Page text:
Court orders government to repeal Education Act

CHIJOZI—The judgement means a lot

By Tiyese Monjeza:

The High Court sitting in Zomba Monday ordered the Executive arm of government and the Ministry of Education to abolish the Malawi Education Act of 2012 which, among others, has provisions that bar dreadlocked children from being enrolled in public schools.

High Court judge Zione Ntaba has since ordered the ministry to write circulars to all public schools by June 30 indicating that learners with dreadlocks will be allowed to attend classes.


The judgement follows a judicial review application by two minors who were barred from enrolling to Blantyre Girls Primary School and Malindi Secondary School on the basis that they had dreadlocks.

They complained that the provision infringed on their right education.

Seventy-three Rastafarian parents and Centre for Human Rights Education, Advice and Assistance (Chreaa) joined the two in the case as interested parties.


Among the grounds, the applicants described the Malawi Education Act, which the two schools invoked to deny the two learners access to their facilities as unlawful and unconstitutional.

The Office of the Attorney General had applied to the court to dismiss the case on the basis that there was no such policy that bars dreadlocked children from enrolling in public schools.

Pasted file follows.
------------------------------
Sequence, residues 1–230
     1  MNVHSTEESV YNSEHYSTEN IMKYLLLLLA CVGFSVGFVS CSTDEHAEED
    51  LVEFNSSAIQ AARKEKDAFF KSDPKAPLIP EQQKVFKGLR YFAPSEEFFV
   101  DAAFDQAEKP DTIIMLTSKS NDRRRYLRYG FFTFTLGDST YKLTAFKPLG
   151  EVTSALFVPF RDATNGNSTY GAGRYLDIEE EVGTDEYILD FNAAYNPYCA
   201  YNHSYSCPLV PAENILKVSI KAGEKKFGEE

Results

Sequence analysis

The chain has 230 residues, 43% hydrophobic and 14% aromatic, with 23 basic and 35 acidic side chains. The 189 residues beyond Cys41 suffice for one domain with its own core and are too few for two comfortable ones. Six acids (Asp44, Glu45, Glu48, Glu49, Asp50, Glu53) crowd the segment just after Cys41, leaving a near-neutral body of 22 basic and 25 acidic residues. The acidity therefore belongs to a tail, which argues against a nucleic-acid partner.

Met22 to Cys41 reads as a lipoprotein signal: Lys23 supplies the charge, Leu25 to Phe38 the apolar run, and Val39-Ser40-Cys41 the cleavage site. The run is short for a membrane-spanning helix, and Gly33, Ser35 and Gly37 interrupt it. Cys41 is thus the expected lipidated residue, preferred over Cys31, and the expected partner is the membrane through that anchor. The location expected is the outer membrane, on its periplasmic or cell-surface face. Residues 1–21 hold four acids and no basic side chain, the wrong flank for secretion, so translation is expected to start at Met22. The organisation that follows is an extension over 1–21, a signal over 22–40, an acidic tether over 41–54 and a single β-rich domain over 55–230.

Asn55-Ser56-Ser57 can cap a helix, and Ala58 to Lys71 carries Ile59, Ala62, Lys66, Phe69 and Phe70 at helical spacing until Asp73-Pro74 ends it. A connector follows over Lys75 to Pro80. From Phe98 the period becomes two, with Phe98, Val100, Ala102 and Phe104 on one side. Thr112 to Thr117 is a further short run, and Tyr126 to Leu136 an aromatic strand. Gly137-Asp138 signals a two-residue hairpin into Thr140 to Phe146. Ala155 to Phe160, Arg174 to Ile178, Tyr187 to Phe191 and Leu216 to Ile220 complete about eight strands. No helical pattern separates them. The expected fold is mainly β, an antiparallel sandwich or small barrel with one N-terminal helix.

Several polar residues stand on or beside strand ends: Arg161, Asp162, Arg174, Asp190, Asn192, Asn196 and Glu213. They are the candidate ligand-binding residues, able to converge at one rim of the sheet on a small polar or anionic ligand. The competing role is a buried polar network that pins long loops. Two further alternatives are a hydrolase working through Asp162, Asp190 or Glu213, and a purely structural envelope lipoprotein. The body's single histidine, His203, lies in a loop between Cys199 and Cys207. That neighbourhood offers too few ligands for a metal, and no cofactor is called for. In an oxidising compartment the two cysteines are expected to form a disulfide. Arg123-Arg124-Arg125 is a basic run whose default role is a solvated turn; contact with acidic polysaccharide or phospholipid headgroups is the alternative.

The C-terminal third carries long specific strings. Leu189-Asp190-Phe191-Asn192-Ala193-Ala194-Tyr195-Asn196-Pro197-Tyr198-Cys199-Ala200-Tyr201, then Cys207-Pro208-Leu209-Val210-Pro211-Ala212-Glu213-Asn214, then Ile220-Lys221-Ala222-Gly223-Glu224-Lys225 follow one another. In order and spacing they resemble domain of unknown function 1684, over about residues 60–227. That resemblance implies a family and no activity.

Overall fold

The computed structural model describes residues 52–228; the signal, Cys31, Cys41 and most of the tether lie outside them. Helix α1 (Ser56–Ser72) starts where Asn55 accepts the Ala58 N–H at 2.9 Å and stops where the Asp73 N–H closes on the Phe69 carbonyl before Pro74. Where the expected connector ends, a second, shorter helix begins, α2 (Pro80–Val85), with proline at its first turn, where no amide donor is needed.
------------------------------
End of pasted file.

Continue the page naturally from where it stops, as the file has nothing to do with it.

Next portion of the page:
Reading out the judgement by Ntaba, High Court judge Patrick Chirwa said the Education Act placed Rastafarian children in an awkward position where they had to choose between upholding their belief on religion and enrolling in public schools.

“The State should also refund all the costs which the applicants spent throughout the case. The Ministry of Education should write circulars… directing that the [Education Act] is no longer in effect,” Chirwa said.

Lawyer Chikondi Chijozi, who represented the applicants, described the judgement as a landmark in promoting access to education for all Malawians.

“The judgement means a lot when it comes to respecting one’s religious belief,” Chijozi said.

We had not managed to get the State’s reaction to the judgement by the time we went to press yesterday.

National Nyabinghi Priest, Ras Ruben Batawi Chapunga Chilembwe, said Rastafarians were being forced to send their children to expensive private schools because they were not allowed in public schools.

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